However, Seksel said that just because there isn’t research to support pet TV, that doesn’t mean it’s completely ineffective. “We need to think about animals as individuals,” she said. “Just because my dog doesn’t react to TV doesn’t mean that someone else’s dog wouldn’t react to it.” Seksel stressed that dogs and cats, like humans, respond to stimuli based on their preferences. Those preferences don’t have to conform to logic, or to scientific consensus. “You might like playing golf, I might not like playing golf. That doesn’t mean golf is good or bad,” Seksel added.
In a follow-up email, Ahmed agreed with Seksel’s analysis. Because there isn’t much research on how cats and dogs react to TV, “we took the approach to pump out loads of experimental content because we have a huge audience,” he said. That way, Music For Pets could engage with as many animals’ preferences as possible.
Bini hopes the popularity of pet TV will spark more research into animals’ responses. “It would be exciting to learn the differences between human and animal motivations and perceptions,” she said. Ultimately, she believes that any entertainment that makes sedentary indoor animals move around is a good thing.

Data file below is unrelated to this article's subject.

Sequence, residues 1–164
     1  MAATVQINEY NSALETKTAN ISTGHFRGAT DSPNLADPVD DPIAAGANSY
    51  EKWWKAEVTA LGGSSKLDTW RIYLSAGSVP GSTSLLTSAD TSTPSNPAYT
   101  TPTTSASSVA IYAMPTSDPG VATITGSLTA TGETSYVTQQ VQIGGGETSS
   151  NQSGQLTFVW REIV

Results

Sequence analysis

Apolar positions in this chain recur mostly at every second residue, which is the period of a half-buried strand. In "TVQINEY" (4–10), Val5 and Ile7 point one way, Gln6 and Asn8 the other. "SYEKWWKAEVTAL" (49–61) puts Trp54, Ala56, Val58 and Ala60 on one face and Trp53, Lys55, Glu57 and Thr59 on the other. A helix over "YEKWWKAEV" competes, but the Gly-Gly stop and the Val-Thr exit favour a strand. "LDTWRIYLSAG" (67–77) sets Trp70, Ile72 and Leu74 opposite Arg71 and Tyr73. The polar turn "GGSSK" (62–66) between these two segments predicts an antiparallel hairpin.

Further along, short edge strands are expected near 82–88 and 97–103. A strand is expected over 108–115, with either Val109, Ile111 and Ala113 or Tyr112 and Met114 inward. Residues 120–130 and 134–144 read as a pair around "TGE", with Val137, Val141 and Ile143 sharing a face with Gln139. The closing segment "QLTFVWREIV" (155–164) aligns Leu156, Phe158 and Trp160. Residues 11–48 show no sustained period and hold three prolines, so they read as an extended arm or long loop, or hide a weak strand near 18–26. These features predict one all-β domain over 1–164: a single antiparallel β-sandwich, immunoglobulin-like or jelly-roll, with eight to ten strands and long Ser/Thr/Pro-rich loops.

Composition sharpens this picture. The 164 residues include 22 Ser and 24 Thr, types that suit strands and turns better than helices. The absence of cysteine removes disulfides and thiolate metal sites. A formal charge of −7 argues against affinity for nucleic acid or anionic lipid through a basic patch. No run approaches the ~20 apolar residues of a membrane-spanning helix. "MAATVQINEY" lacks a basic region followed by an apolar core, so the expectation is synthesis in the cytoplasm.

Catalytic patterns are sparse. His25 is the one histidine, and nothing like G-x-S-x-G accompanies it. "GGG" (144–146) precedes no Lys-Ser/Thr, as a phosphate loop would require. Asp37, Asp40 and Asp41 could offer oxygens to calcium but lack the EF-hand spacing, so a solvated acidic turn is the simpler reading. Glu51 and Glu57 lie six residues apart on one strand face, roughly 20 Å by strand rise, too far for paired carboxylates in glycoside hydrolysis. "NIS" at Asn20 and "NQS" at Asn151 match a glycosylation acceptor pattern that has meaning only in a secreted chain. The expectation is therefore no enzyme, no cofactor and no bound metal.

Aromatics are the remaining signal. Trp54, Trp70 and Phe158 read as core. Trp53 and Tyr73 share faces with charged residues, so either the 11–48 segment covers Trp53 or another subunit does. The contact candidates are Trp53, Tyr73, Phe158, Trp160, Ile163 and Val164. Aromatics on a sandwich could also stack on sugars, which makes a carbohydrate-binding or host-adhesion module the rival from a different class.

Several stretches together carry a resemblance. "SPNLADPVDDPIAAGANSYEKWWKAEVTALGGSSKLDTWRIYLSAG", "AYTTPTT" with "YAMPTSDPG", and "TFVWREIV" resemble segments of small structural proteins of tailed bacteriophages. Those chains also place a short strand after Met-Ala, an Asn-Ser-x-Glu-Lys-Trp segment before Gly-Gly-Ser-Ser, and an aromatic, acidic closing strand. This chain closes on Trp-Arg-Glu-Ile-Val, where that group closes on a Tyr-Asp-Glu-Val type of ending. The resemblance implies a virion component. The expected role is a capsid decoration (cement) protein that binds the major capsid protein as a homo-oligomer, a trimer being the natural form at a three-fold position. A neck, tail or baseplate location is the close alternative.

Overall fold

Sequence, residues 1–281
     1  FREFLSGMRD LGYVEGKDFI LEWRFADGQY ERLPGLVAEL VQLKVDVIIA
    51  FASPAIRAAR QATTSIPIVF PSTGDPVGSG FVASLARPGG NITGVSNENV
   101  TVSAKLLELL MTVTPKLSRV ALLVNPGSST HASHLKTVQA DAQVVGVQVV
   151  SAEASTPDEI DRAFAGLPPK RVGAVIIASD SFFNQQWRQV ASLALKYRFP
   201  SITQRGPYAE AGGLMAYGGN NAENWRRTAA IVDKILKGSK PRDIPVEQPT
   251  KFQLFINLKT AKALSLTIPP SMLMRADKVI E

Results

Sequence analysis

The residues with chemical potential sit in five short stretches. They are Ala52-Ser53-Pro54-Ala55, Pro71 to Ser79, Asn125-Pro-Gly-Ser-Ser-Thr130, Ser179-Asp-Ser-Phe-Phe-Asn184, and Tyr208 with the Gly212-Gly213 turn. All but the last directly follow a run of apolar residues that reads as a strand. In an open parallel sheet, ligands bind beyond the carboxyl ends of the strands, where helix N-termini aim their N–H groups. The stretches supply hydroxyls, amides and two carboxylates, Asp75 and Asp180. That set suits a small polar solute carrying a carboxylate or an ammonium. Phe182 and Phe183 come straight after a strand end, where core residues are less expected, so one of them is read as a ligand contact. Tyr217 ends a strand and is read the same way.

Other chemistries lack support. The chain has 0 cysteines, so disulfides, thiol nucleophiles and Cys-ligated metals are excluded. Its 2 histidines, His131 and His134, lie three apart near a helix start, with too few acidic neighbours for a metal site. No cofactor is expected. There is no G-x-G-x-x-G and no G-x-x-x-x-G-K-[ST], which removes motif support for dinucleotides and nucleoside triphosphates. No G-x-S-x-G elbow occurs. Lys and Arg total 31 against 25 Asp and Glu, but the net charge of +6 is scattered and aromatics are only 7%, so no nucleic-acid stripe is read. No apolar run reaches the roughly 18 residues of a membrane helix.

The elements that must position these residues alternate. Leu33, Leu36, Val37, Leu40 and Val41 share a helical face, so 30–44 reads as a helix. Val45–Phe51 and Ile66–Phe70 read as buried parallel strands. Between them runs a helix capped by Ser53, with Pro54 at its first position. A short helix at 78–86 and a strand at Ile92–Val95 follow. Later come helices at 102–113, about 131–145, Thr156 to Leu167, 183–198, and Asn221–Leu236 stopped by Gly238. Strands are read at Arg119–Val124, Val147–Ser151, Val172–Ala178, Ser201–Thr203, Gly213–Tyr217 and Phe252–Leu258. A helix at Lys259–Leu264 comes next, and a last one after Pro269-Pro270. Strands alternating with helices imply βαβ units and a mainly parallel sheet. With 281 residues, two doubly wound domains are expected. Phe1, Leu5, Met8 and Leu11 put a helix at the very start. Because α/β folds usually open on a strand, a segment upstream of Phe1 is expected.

Speaking with Seksel made me realize that, for me, pet TV is a small way of asserting control. It makes me feel like I’m taking steps to improve the life of a living creature. Existing in a pandemic, especially a pandemic that so many people in my country seem hellbent on minimizing, makes control over anything seem like a pipe dream. I’ve lost the power to make life much better for myself, or for people that I care about. But my cat? I can fill his days with endless clips of birds. Maybe that means something to him. Even if it doesn’t, it is still soothing for my world to contract, to become as compact and frictionless as a cat watching a TV screen, birds of prey reflected in his lambent eyes.